Background: The association between the circulating fatty acid (FA) composition and type 2 diabetes (T2D) has been reported in Western populations, but evidence is scarce among Asian populations, including Japanese, who consume large amounts of fish. Objective: The objective of the present study was to prospectively examine the association between circulating concentrations of individual FAs and T2D incidence among Japanese adults. Methods: We conducted a nested case-control study in a cohort of 4754 employees, aged 34-69 y, who attended a comprehensive health checkup in 2008-2009 and donated blood samples for the Hitachi Health Study. During 5 y of follow-up, diabetes was identified on the basis of plasma glucose, glycated hemoglobin, and self-report. Two controls matched to each case by sex, age, and date of checkup were randomly chosen by using density sampling, resulting in 336 cases and 678 controls with FA measurements. GC was used to measure the FA composition in serum phospholipids. Cox proportional hazards regression was used to estimate the HRs and 95% CIs after adjusting for potential confounders. We examined the association of T2D risk with 25 different individual and combinations of FAs. Results: T2D risk was positively associated with serum dihomo-γ-linoleic acid concentration (highest compared with the lowest quartile-HR: 1.49; 95% CI: 1.04, 2.11; P-trend = 0.02) and inversely associated with Δ5-desaturase activity (highest compared with the lowest quartile-HR: 0.72; 95% CI: 0.52, 0.99; P-trend = 0.02), independent of body mass index (BMI). There were also inverse associations between T2D risk with serum total n-6 (ω-6) polyunsaturated fatty acids (PUFAs), linoleic acid, and cis-vaccenic acid, but these were attenuated and became nonsignificant after adjustment for BMI. Serum n-3 (ω-3) PUFAs and saturated fatty acids (SFAs) were not associated with T2D risk. Conclusions: T2D risk was associated with circulating concentrations of the n-6 PUFA dihomo-γ-linoleic acid and Δ5-desaturase activity but not with n-3 PUFA or SFA concentrations in Japanese adults.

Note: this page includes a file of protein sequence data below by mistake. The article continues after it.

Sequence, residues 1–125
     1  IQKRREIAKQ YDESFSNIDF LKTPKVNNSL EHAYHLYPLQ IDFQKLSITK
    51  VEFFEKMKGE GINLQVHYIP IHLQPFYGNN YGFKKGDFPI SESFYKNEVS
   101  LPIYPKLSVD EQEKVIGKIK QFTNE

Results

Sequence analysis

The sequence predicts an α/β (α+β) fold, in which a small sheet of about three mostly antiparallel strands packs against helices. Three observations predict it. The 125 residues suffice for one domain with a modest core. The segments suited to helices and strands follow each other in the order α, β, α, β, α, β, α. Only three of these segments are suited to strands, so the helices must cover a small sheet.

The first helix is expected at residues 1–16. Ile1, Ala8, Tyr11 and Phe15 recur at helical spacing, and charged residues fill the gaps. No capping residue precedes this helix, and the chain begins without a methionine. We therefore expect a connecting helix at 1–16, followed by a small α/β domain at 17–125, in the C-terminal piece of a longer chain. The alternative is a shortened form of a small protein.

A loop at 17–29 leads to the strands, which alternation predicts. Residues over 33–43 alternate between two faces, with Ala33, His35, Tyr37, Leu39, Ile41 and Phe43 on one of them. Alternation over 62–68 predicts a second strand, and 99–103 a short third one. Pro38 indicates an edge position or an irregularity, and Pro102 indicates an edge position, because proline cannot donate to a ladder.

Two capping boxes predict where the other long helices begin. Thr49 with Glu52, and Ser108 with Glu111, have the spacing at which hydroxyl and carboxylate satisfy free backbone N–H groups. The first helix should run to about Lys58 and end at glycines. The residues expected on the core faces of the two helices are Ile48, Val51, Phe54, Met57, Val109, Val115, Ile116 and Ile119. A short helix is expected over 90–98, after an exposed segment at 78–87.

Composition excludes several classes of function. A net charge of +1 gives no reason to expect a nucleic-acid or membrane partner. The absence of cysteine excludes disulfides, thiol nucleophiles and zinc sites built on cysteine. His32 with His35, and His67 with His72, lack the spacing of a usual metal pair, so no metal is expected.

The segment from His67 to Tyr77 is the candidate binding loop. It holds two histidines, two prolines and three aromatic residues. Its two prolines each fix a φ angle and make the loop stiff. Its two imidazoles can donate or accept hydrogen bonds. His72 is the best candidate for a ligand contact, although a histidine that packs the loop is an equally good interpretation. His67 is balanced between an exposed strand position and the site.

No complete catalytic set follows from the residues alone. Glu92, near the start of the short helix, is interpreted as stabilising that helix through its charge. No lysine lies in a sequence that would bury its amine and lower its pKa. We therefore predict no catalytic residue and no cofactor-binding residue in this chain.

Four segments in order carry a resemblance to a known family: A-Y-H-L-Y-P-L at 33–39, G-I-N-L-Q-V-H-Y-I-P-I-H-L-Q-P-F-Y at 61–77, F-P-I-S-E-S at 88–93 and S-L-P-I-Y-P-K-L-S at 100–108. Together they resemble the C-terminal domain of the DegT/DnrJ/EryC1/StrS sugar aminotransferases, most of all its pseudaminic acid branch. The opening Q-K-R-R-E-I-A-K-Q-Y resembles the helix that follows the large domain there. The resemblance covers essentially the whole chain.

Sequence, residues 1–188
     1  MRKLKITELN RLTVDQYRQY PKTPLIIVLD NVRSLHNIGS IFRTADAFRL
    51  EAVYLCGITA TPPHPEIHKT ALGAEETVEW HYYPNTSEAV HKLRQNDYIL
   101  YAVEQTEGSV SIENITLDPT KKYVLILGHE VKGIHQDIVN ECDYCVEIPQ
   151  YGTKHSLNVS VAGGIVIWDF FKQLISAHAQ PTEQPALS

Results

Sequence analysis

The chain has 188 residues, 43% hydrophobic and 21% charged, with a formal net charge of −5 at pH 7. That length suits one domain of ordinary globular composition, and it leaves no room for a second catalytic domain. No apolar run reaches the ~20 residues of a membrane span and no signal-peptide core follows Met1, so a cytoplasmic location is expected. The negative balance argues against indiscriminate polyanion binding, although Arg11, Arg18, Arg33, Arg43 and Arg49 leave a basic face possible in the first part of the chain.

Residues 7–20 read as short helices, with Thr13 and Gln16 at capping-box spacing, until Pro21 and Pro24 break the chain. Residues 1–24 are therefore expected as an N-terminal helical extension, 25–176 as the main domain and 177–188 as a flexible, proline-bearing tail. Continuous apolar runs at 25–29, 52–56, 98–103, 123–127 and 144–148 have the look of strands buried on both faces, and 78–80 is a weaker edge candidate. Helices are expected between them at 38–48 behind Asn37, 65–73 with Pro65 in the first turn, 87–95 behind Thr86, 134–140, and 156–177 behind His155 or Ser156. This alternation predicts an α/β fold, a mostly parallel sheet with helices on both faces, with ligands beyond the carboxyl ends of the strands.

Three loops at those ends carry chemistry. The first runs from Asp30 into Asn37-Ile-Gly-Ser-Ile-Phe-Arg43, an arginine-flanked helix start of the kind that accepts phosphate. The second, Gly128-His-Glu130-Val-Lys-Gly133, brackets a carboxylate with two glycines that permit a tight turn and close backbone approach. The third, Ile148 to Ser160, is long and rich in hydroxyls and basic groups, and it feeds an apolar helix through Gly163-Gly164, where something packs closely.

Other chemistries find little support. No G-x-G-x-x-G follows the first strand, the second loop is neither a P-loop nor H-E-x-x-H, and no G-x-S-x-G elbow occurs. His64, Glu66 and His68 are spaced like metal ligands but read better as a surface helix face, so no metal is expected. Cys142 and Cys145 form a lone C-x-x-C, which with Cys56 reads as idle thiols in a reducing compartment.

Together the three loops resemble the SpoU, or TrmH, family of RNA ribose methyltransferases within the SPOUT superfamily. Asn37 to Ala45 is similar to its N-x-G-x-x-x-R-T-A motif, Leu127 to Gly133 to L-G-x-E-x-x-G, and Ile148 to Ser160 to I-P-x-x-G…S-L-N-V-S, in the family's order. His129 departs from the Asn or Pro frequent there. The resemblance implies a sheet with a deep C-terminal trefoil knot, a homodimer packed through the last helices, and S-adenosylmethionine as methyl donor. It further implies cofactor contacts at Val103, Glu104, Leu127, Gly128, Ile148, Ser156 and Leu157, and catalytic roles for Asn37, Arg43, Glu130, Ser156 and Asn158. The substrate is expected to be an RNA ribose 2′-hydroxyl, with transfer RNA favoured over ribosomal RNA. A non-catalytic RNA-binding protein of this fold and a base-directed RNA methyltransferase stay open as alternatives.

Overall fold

All Science Journal Classification (ASJC) codes
- Medicine (miscellaneous)
- Nutrition and Dietetics